Malahat Marketing & Promotional Assistant Rachel Lallouz speaks with WordsThaw participant Amy Reiswig on community, creative resistance, and the commitment to one's own writing. Amy will be the moderator for Shining a Light: Writer as Witness on Saturday, February 22.
RL: How would you describe the value that events like WordsThaw bring to the literary community in Victoria and beyond?
AR: It’s a forum to listen, think and talk. So much discussion now happens online, and having an opportunity to come together over particular issues and actually ask questions, hear answers, and have dialogue keeps our minds limber, helps us feel more invested in the issues being discussed. An event like WordsThaw also reminds us what a wealth of great thinkers and writers we have locally! It’s amazing! We, the people in our community, are our most precious resource, and having a forum to tap into that face to face, meet and make connections, can be mind- and even life-changing.
Read the rest of Amy's interview on our website.
Malahat volunteer Melissa Hiebert spoke with WordsThaw participant Aaron Shepard on the craft of writing, the benefits of symposiums, and his upcoming novel. Aaron is one of eight writers offering 15-minute critiques as part of Brief Encounters on Saturday, February 22.
MH: In your opinion, what is the best part of events like WordsThaw?
AS: Soaking up new ideas from good writers and people in the publishing business, hearing a turn of phrase I’ve never heard before, just generally being inspired. With work and real life being so busy, the opportunity to talk about books and writing with my peers is a real luxury, and I often come away from these types of events feeling rejuvenated and ready to write.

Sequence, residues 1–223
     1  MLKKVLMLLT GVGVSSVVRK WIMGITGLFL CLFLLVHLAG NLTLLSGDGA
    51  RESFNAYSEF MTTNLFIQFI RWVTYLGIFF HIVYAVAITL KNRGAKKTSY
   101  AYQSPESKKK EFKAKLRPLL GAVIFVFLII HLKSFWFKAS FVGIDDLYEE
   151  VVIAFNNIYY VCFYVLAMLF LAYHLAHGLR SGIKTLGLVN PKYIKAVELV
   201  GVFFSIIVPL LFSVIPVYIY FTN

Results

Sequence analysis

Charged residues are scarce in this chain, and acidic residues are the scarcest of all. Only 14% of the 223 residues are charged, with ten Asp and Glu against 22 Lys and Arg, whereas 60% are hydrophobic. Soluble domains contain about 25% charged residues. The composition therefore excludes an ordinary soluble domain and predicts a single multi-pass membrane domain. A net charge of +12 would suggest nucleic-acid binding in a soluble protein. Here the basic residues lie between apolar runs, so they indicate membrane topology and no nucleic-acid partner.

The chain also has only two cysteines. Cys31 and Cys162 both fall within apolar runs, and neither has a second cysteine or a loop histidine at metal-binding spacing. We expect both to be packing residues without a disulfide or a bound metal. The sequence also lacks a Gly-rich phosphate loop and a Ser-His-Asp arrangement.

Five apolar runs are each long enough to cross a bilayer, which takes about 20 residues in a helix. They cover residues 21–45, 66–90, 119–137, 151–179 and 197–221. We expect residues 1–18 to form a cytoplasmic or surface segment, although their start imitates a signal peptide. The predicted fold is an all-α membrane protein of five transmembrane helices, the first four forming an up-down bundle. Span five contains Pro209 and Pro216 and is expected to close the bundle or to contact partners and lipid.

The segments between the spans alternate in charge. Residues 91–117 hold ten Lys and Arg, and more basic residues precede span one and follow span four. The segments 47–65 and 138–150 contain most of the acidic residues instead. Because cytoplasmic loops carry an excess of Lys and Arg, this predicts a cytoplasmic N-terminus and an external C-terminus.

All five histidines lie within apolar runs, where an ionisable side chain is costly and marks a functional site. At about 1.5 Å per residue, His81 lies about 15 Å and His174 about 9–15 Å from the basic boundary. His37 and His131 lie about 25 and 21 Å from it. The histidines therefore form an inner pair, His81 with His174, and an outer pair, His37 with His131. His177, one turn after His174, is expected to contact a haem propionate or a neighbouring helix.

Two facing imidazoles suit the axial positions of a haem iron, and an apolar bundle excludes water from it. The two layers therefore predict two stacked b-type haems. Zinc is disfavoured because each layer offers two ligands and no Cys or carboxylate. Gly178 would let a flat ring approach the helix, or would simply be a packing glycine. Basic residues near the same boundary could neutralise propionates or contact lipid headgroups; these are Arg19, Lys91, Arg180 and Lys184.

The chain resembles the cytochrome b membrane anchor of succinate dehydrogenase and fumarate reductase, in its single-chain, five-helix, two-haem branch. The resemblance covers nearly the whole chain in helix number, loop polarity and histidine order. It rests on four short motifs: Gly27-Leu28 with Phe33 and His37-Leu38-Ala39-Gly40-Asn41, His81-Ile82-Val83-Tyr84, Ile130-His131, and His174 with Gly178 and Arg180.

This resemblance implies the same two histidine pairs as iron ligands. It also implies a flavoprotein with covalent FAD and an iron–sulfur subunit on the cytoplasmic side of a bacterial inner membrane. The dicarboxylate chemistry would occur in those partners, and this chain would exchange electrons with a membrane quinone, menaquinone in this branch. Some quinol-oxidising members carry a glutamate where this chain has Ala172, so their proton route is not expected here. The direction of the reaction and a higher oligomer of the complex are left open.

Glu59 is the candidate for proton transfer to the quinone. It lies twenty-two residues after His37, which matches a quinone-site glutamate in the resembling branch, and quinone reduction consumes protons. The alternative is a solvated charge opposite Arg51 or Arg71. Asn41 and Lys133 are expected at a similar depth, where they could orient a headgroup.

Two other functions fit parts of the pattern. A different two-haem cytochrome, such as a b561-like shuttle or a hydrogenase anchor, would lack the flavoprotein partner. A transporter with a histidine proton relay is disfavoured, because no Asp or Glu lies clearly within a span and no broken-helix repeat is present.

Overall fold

Read the rest of Aaron's interview on our website.
Malahat Editorial Assistant Karyn Wisselink recently spoke with WordsThaw participant Madeline Sonik on panel events, creative nonfiction, and why students shouldn't hesitate to submit their work.
KW: What do you find are the greatest benefits of interacting with other writers at events like WordsThaw?
MS: I love to hear the stories writers tell. At the WordsThaw panel discussion I was involved in last year, for example, Patrick Lane told a story about once stealing three tomatoes from a neighbour’s garden so he could feed his young family something more than just plain macaroni. It was such a simple wonderful story that you could feel it resonate in the hearts of everyone. I think whenever a writer tells a story that resonates like that, whether it’s spoken or written, it has an inspirational echo effect. It calls forth other truths about the human condition and, in so doing, makes us all a little bit more human.
Read the rest of Madeline's interview on our website.
Malahat Promotions Manager PJ Grace talks with Kate Cayley on folklore, obsession, and death in her short story, "The Fetch."
PG: The narrator is a retired man who spends his days pottering about the house and spying on his neighbour, Harold, who he believes to be a harbinger of death. How much of the narrator’s paranoia, and his belief in his ex-wife’s folkloric tales, stems from a yearning to find fulfillment, or even excitement, in his otherwise mundane life?
KC: I see him as a man who has lived without self-consciousness. Successful and much-married, he’s been propelled forward by an academic career, serial infidelity, children, the exhilaration of his intellectual life, all things that have distracted him from self-knowledge. His retirement, and the strain of maintaining a marriage to a woman who is decades younger than he is, has completely shattered his composure. He’s come up empty, at the end of his life, and it terrifies him. His obsession with the supernatural, the uncanny, is a response to that. That said, I like this character—he’s an asshole, and a deluded one, but I also find him funny and rueful and brave. As well as nuts.
Read the rest of Kate's interview on our website.